Grover Keystone 18-1 tuners and Nashville Tune-o-Matic bridge, plus a bone nut provided fantastic tuning stability and the guitar has a 24 3/4” scale with a comfy profile neck. Naturally, the action was set perfectly and there were no intonation or fret buzz issues anywhere. In fact I have to say that I was blown away by the intonation on this guitar, no matter how good a guitar is you normally find a point where the tuning is a bit dodgy within a chord, it's just the nature of the instrument, but on the GTO I really couldn’t hear anywhere where it sounded out.

The pickups James had chosen were a pair of Bare Knuckle Calibrated Mules, which, as you might expect are a high end choice mated with two CTS 500K Push-Push Pots, along with Jensen Capacitors.

Controlling the GTO's output comes courtesy of a push function on the tone pot that splits the bridge pickup, and a push volume pot that splits the neck pickup. This is further controlled by a five way rotary selector, which gives you a variety of different settings to experiment with, all of which are demonstrated in the video.

This guitar really can do it all when it comes to tone. Warm Jazz, out of phase 'quack', shimmery clean, Country twang, classic Rock, biting lead are all at your finger tips. Sure it's probably not going to be a Metal shredtastic guitar but that's not down to sound or playability - more to the styling, but there are plenty of pointy ugly guitars out there to cover that.... (now, now! - Ed).

So was there anything I didn't like about the GTO? In fact my only issue was the five way rotary switch. Yes it looks in place with everything else, and it works, but making quick/seamless pickup changes on the fly is not easy. It's of course doable, but nowhere near as slick and quick as just flicking a blade switch. I'm sure it’s something you could learn to live with and get used to though. And, of course, this being a handmade guitar, I'm sure it's something you could discuss with the builder.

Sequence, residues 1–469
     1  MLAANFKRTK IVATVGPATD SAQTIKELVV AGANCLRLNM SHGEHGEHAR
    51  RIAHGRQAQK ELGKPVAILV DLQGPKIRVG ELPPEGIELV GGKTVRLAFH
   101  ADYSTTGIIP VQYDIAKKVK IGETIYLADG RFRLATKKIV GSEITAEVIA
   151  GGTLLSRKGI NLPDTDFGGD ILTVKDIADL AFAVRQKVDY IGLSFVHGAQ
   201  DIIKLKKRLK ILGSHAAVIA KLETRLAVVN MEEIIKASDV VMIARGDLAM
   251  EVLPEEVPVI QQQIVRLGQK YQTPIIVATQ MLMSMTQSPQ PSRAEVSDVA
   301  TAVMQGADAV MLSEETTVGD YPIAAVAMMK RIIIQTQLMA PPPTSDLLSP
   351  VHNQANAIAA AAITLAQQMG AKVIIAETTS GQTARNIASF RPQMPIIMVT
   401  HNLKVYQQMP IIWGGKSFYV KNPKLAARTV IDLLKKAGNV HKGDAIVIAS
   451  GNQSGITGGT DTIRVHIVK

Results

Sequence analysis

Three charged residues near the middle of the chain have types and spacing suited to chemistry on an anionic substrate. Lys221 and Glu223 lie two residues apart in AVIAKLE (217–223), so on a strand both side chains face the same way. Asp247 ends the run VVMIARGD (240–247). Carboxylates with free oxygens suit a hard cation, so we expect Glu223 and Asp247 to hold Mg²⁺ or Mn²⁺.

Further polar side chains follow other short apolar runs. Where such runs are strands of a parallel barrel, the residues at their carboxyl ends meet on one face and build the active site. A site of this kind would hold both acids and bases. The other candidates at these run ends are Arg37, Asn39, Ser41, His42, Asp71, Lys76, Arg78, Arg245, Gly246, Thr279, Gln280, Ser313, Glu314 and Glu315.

The Collins Redwood GTO was an absolute pleasure and joy to play it has the potential to be used in a variety of situations, making it an ideal all rounder. It was light, well balanced with a mighty amount of tonal options. Fit and finish were top notch throughout as was the playability and set-up. The pickups sounded fantastic and as I mentioned above, the intonation was out of this world. I've no doubt that your first question when seeing the hand built part, was 'So how much is this thing?'. Well, OK, it's not cheap, but we are talking about a hand built from scratch instrument with the finest materials all put together by an expert builder and for that you are going to expect to have to pay some serious money and this is as good as it gets. 

Who is it for? I think this guitar is probably going to appeal to two different types of people. The serious player who demands such high build quality/tone/playability but wants something a little different, or a rich dude who can hang it on his wall purely to appreciate its beauty! That may sound sacrilegious but we have to face facts and a lot of the best guitars in the world end-up hanging on walls just being admired by people. That first group of potential buyers, though, is going to include the sort of owners who realise that however good a top of the line factory-made product may be, there is always something even better, something handmade by a great craftsman. That's a rarefied world where the world's most demanding customers are willing to go that bit further to get the absolute best. It's the world this guitar comfortably inhabits and if you ever get the chance you really have to try one to fully appreciate its brilliance.